ISO 14064-1 - Organisation Quantification and Reporting of Green House Gases
GHG Emissions Inventory & Reporting
Recent global agreements, such as the Paris Agreement, and increasing public focus on climate change impacts, lead to comprehensive governmental action plans and aggressive reduction targets.
As part of the global push to reduce Greenhouse Gas (GHG) emissions governments, investors, stock exchanges and organizations have implemented reporting requirements and are pressuring businesses to reduce emissions throughout their value chain. Intertek supports our clients’ inventory and report their GHG emissions in accordance with globally recognized standards, such as ISO 14064 which details the principles and requirements for designing, developing, managing and reporting GHG emissions for an organization or company.
GHG emissions inventory and reporting may be pursued by an organization for a number of reasons such as to contribute to their annual report, to communicate to their customer, to meet regulatory or investor reporting requirements, or publicly disclose their emission reduction achievements.
Inventory and reporting standards like the GHG Protocol and ISO 14064 reinforce disclosure mechanisms that are becomingly increasingly prevalent among leading companies to communicate their environmental, social and governance activities. Some of these disclosure tools are CDP (formerly the Carbon Disclosure Project), Global Reporting Initiative (GRI), Task Force on Climate-Related Financial Disclosures (TCFD), Sustainability Accounting Standards Board (SASB), developing science-based reduction targets and so on. No matter the disclosure mechanism that is most suited to your organization, Intertek will help guide your organization through the development of Scope 1, 2 and/or 3 GHG emissions and navigate disclosure requirements.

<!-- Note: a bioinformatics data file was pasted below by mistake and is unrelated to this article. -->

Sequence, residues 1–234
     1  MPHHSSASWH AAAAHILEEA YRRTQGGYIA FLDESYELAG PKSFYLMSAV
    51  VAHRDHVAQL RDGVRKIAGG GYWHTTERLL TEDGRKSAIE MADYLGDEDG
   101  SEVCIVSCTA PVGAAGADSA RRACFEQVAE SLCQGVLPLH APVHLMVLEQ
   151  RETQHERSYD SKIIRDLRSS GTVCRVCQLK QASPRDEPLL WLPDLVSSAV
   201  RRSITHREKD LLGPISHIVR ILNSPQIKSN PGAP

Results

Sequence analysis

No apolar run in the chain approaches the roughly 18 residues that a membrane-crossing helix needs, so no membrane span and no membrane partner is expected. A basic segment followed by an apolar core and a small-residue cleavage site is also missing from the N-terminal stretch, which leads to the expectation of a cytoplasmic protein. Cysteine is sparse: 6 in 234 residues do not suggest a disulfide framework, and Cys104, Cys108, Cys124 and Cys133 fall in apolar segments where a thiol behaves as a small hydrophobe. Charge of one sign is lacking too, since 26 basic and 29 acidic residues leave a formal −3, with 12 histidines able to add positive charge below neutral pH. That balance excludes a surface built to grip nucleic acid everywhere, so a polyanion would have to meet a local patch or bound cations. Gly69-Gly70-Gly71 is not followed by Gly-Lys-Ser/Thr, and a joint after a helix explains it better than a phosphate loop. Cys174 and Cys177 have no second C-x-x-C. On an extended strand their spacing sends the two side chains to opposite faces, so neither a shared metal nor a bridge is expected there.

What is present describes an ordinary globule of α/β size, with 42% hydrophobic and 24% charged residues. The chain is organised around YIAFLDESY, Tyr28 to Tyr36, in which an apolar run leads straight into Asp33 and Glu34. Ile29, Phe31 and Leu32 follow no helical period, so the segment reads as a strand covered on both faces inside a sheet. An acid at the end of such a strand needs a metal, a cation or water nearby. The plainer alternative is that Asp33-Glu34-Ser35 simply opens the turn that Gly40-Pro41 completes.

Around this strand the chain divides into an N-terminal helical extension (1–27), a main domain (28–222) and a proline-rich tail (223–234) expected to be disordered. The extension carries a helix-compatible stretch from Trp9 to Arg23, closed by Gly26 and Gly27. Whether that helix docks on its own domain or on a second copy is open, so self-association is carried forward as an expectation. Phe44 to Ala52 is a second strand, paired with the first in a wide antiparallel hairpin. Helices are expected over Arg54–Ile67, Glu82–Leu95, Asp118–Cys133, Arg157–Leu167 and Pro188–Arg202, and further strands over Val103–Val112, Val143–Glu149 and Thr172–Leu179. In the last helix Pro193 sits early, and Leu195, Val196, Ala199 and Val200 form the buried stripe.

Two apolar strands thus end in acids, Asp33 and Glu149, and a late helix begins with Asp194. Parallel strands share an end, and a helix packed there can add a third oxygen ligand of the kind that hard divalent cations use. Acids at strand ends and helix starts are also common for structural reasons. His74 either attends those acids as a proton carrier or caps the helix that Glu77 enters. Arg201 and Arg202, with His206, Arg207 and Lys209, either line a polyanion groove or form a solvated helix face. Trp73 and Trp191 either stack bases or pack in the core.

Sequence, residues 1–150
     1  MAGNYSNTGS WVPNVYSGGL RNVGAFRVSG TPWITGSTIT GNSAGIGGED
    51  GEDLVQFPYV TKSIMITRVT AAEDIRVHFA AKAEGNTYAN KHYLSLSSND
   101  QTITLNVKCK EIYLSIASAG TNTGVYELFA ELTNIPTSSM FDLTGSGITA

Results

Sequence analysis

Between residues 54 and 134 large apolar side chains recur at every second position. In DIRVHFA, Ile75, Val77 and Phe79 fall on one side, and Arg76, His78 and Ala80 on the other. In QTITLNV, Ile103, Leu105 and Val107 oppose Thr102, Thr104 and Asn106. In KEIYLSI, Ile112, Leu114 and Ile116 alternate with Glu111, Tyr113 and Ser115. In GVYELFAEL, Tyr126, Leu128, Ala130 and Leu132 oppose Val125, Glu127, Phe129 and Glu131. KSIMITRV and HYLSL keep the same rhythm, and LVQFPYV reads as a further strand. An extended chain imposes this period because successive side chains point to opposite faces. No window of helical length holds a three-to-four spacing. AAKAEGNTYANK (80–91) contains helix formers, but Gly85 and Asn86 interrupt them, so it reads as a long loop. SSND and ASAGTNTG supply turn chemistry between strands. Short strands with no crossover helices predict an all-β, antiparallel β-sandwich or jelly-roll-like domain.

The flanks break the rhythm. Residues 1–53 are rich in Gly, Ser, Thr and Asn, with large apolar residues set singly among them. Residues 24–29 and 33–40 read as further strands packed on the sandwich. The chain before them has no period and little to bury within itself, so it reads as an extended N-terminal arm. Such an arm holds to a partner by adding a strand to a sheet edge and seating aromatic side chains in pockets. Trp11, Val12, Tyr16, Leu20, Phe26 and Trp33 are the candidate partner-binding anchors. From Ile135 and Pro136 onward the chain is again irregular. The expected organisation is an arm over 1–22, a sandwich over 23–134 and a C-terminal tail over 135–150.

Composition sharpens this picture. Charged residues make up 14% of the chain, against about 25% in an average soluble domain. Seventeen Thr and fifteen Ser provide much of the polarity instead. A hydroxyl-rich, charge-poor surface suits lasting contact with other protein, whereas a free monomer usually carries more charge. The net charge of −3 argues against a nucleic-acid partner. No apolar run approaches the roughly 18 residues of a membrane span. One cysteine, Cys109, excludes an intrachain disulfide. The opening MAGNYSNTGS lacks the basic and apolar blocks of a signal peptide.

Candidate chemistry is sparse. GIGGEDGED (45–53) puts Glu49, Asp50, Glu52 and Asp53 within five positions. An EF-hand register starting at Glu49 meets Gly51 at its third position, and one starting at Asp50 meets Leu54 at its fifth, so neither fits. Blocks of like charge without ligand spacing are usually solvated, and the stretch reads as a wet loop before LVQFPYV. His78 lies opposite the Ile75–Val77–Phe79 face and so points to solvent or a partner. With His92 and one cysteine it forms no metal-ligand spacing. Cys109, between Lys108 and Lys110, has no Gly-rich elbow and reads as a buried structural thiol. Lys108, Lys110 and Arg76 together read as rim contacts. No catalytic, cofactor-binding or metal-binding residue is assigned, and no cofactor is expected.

Intertek sustainability experts also provide GHG emissions validation and verification services.
Scope 1 – Direct GHG Emissions: Direct GHG emissions occur from sources that are owned or controlled by the company, for example, emissions from combustion in owned or controlled boilers, furnaces, vehicles, etc. Additionally, fugitive emissions, such as unintentional release of GHG from sources including refrigerant systems and natural gas distribution.
Scope 2 – Electricity and Indirect GHG Emissions: Scope 2 accounts for GHG emissions from the generation of purchased electricity consumed by the company. Purchased electricity is defined as electricity that is purchased or otherwise brought into the organizational boundary of the company. Scope 2 emissions physically occur at the facility where electricity is generated.
Value Chain (Scope 3) – Other Indirect GHG Emissions: Emissions that are a consequence of the operations of an organization but are not directly owned or controlled by the organization’. Scope 3 includes a number of different sources of GHG including employee commuting, business travel, third-party distribution and logistics, production of purchased goods, emissions from the use of sold products, waste disposal, and several more.